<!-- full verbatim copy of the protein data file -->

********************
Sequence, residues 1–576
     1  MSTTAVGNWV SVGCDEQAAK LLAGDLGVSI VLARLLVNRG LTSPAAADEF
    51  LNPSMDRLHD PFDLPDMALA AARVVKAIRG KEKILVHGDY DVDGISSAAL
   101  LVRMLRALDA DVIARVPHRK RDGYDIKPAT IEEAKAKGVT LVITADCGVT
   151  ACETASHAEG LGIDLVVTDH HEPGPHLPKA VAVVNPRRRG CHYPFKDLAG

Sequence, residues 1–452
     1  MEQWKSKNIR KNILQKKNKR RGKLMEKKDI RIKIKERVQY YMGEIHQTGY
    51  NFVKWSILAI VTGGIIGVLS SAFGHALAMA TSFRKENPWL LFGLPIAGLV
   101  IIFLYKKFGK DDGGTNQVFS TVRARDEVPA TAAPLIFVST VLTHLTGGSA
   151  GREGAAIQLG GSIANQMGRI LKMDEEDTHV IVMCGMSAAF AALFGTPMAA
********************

Sequence, residues 1–576
     1  MSTTAVGNWV SVGCDEQAAK LLAGDLGVSI VLARLLVNRG LTSPAAADEF
    51  LNPSMDRLHD PFDLPDMALA AARVVKAIRG KEKILVHGDY DVDGISSAAL
   101  LVRMLRALDA DVIARVPHRK RDGYDIKPAT IEEAKAKGVT LVITADCGVT
   151  ACETASHAEG LGIDLVVTDH HEPGPHLPKA VAVVNPRRRG CHYPFKDLAG

Sequence, residues 1–452
     1  MEQWKSKNIR KNILQKKNKR RGKLMEKKDI RIKIKERVQY YMGEIHQTGY
    51  NFVKWSILAI VTGGIIGVLS SAFGHALAMA TSFRKENPWL LFGLPIAGLV
   101  IIFLYKKFGK DDGGTNQVFS TVRARDEVPA TAAPLIFVST VLTHLTGGSA
   151  GREGAAIQLG GSIANQMGRI LKMDEEDTHV IVMCGMSAAF AALFGTPMAA